Aquila was a Jewish Christian living in Corinth with his wife Priscilla when Paul the evangelist arrived from Athens. Aquila was born in Pontus, which in ancient times referred to a strip of land on the southern coast of the Black Sea, in Asia Minor. The book of Acts says that he had lived in Rome until the emperor Claudius banned Jews from living in the city.
Various historians have suggested that this event occurred in the year 49, 50 or 51. The extent to which Jews actually were pushed out of Rome is unknown. Some decrees in ancient times were never strictly enforced. Although the book of Acts does not explain the reason for the banishment, the ancient historian, Suetonius Tranquillus, wrote in his book, The Lives of the Twelve Caesers, in reference to Claudius that: "He banished from Rome all the Jews, who were continually making disturbances at the instigation of one Chrestus." Some scholars have proposed that "Chrestus" was a reference to Christianity. We know from another Roman historian, Tacitus, from his 11th book of The Annals, that Claudius was concerned about "the growth of foreign superstitions."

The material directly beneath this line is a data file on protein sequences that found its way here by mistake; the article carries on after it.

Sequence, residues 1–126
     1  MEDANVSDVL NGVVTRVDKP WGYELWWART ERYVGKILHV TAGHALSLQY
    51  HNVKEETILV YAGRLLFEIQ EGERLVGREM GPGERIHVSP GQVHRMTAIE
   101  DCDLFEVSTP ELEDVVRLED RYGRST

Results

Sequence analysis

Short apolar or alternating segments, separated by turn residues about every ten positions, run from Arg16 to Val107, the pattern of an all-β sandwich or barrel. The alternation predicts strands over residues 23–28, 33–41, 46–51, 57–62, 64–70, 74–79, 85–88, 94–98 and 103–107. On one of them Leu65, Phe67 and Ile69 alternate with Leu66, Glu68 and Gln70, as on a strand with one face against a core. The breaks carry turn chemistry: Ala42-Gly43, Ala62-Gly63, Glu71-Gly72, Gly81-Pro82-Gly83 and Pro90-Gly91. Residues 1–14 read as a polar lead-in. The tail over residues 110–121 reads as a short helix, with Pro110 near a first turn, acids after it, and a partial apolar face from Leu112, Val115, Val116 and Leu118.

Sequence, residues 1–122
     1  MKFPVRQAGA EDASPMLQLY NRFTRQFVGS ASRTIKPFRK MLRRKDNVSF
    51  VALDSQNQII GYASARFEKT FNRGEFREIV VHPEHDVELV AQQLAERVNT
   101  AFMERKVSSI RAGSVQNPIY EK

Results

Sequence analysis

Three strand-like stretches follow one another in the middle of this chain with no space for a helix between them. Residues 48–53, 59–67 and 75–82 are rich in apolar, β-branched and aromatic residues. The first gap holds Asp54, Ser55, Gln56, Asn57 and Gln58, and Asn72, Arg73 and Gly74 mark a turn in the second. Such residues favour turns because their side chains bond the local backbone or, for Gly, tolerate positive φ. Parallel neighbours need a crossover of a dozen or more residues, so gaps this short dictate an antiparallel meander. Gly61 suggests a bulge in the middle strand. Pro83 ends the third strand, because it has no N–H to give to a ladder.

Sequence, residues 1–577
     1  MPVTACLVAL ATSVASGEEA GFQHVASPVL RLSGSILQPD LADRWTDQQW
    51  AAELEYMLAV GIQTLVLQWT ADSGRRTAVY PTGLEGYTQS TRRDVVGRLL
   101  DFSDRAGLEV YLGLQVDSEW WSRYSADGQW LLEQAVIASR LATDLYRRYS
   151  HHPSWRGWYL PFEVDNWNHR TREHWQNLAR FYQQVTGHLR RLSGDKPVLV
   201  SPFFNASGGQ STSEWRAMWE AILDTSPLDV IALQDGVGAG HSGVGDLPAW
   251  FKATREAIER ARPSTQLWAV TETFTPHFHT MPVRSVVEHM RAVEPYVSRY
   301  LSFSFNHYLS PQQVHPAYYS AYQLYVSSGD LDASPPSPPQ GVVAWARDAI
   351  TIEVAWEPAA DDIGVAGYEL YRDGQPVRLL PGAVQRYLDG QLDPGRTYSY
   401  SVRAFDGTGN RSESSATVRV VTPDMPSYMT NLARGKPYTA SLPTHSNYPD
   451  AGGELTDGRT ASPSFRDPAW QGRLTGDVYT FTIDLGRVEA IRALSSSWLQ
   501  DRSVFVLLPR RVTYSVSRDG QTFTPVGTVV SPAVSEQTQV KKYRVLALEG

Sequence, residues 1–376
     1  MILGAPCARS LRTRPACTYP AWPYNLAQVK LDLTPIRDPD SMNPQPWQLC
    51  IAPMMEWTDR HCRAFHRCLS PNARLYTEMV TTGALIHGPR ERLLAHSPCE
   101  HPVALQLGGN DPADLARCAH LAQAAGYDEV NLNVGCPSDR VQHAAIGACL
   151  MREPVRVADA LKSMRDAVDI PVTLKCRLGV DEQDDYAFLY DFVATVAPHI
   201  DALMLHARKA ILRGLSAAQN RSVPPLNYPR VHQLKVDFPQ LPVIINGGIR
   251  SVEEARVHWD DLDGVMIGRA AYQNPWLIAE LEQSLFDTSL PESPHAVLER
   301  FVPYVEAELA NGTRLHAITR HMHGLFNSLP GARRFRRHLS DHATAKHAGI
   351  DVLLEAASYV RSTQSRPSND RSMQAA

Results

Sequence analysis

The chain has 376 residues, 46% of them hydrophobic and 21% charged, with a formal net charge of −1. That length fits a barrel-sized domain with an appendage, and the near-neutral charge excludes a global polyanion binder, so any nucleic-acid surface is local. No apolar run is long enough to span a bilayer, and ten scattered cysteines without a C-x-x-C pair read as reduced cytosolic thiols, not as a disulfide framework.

Perhaps Claudius was alarmed by the rapid spread of Christianity in Rome and sought to expel the city's Jewish community as a way of protecting the Roman religions.
Whatever the reason or the extent of the expulsion, Aquila and Priscilla moved to Corinth, where Aquila worked as a tent maker. When Paul left Corinth, Aquila and Priscilla traveled with him as far as Ephesus. There, they met Apollos and instructed him more thoroughly in the Christian faith. It is believed that Aquila and Priscilla returned to Rome, because Paul sent them greetings in his letter to the Romans.